Kittens are precious bundles of fur, but underneath all that fluff, they have a lot of growing up to do. In a relatively short timeframe (just 8-12 months), they rapidly develop muscles, bones, skin and coat, teeth, and internal organs, as well as important socialisation skills. So, getting your young kitten’s diet right at this early stage, will help way beyond their first few months of life.
Birth to weaning
A kitten’s survival instinct kicks in quickly. Soon after birth newborns will try to find mum’s milk supply. This is a crucial time as the mother will have produced a special type of milk called colostrum, which helps support the immune system. During the first few weeks of life, most kittens will nurse at least four to six times per day. In the case of orphaned kittens, mum lacking milk, or kittens failing to latch on, kitten formula/milk replacer should be given.
At this delicate age, the two most important activities for any kitten are eating and sleeping. Fast forward to around week three or four and a kitten’s nutritional requirements change; their mother’s milk production naturally lessens while the kittens’ ability to digest lactose also decreases. From this point, it is important to gradually introduce a fully balanced and complete kitten diet, especially
designed to meet kittens’ nutritional needs, providing sufficient energy and highly digestible nutrients.
Introducing the new diet – slowly does it
A Kitten diet should be introduced gradually. Simply combine a Kitten formula/milk with a wet or dry ‘complete’ Kitten diet, mixing it into a gruel. Cow and goat’s milk should not be used as they cannot be digested as well. Use a shallow dish to allow the kittens easy access to the food.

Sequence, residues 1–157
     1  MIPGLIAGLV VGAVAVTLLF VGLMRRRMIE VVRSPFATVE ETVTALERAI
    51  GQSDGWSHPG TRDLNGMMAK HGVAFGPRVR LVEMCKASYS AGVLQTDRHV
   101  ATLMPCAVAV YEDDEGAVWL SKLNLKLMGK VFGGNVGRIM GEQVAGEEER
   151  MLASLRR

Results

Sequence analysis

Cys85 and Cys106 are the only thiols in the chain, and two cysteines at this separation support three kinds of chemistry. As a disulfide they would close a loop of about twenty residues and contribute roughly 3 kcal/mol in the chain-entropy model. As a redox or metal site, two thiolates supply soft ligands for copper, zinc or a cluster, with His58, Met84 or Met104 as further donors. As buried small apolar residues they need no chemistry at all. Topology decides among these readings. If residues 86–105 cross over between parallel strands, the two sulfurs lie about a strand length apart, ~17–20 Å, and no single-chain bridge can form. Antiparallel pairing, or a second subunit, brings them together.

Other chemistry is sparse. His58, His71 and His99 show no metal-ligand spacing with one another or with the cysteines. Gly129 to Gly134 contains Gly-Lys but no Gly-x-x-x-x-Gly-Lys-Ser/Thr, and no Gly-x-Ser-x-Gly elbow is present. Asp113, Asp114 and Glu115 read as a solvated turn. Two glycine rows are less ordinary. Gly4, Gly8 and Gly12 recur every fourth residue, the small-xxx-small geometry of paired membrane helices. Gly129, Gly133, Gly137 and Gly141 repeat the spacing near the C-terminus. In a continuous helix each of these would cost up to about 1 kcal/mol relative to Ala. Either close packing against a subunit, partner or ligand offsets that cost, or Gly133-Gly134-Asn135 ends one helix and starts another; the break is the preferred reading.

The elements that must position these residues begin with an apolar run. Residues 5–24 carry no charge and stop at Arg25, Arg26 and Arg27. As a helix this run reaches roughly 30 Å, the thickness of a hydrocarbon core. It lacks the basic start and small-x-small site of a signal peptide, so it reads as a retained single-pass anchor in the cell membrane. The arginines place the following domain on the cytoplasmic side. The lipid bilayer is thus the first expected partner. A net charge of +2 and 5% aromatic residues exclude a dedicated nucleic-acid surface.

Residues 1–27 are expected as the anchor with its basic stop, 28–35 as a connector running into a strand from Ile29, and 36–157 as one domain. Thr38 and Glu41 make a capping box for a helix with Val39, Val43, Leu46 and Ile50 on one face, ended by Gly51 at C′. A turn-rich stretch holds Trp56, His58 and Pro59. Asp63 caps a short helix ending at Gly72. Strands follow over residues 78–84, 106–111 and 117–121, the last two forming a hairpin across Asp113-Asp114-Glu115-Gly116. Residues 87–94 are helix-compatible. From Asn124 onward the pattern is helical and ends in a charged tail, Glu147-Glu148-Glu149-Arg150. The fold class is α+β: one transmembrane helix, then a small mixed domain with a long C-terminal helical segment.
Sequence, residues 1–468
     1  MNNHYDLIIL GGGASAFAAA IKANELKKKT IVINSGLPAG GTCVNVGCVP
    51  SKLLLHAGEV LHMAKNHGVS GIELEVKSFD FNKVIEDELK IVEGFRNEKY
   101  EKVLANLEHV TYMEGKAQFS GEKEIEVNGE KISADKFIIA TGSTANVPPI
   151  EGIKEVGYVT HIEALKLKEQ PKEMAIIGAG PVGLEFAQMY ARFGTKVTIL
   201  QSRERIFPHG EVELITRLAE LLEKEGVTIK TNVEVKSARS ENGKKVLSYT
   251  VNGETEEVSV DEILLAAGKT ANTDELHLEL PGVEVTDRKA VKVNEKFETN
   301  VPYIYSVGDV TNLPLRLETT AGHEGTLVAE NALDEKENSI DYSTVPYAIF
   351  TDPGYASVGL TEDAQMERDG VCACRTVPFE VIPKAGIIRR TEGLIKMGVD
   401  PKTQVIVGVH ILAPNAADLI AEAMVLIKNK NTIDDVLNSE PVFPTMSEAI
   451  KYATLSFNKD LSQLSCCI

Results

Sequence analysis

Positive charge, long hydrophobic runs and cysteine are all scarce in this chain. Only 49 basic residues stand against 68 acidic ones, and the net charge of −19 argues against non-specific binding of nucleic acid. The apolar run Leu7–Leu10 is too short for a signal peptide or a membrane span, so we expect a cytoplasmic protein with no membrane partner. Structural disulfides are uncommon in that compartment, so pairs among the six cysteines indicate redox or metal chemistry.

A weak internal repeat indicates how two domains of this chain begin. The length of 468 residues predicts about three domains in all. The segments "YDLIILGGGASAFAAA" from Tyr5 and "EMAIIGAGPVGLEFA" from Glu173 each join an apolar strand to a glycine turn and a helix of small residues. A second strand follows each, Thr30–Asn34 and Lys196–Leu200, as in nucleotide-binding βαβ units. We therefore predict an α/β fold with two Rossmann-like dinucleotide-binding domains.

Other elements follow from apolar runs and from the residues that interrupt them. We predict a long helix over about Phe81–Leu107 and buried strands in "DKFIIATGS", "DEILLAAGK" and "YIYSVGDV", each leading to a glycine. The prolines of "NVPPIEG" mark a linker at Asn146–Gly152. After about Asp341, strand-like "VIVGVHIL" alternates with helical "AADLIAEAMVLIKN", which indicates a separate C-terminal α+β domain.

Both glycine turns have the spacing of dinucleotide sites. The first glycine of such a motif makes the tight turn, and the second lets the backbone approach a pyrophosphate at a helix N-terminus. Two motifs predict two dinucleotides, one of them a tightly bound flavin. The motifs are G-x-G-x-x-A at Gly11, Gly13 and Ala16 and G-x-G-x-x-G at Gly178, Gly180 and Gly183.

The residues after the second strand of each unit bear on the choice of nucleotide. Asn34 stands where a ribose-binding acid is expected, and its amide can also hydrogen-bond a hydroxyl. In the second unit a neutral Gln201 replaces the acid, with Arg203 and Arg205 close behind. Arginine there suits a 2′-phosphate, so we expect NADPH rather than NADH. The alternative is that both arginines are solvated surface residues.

With time, slowly replace the milk with water (if feeding a dry food), until only feeding the solid food at around 6 weeks of age. At this point all kittens should be fully weaned, happily eating a specially formulated Kitten diet. Always make sure your kitten has a good supply of fresh drinking water available.
How much to feed?
For guidance on how much to feed, start by following the manufacturers feeding guidelines which are printed on packs. Weigh the kitten’s daily food ration using an accurate kitchen scale to ensure they receive the correct amount of energy and nutrients. While products’ feeding guidelines are a great starting point, remember that all animals are unique and calorie intake should be adjusted according to individual needs. Monitor your kitten’s body condition and if you have concerns, seek advice from your vet.
How often to feed
Kittens need and enjoy being fed little and often, dividing small portions from their daily food ration at regular intervals throughout the day.
By the time the kitten reaches 6 months of age they can transition onto 2 meals a day, but keep in mind that cats generally, being natural grazers, prefer to eat little and often. However, always take care not to overfeed: keep the cat to the same daily ration but divide this into several meals a day.
If feeding wet food, any leftover food should be cleared away after 30 minutes, but dry food can be left out for longer.
Moving from kitten on to adult food
Once kittens have reached 90% of their expected adult weight, they can switch from a Kitten diet designed for growth, to a maintenance diet intended for adulthood.
A change from one food to another should be done gradually (over 5-7 days), increasing the quantity of the new food, and reducing the current food each day until only the new food is given. This will help avoid an upset digestive system often associated with a sudden diet change.
What about neutering and diet?
Most domestic cats are neutered around 4-6 months of age. After neutering their energy requirements reduce and owners will need to adapt the diet to mitigate the risk of unnecessary weight gain. Use the PFMA Cat Size-O-Meter to help monitor your cat’s body condition once neutered. If you notice your cat is gaining weight simply discuss it with your vet team.
To supplement or not to supplement – that is the question
There is no need to supplement a complete and balanced kitten diet. In fact, supplementing can be detrimental, leading to growth abnormalities. Simply invest in a good quality complete and balanced diet designed to help support healthy growth and development.
A cat should be at least 8 weeks old before leaving its mother. Welfare charities such as Cats Protection, International Cat Care and RSPCA provide tips and guidance on how to source a kitten responsibly. Keep your veterinary team involved throughout kittenhood to receive advice on when to vaccinate and neuter, and to regularly check your kitten's health.
To see all PFMA factsheets and posters please visit www.pfma.org.uk/fact-sheets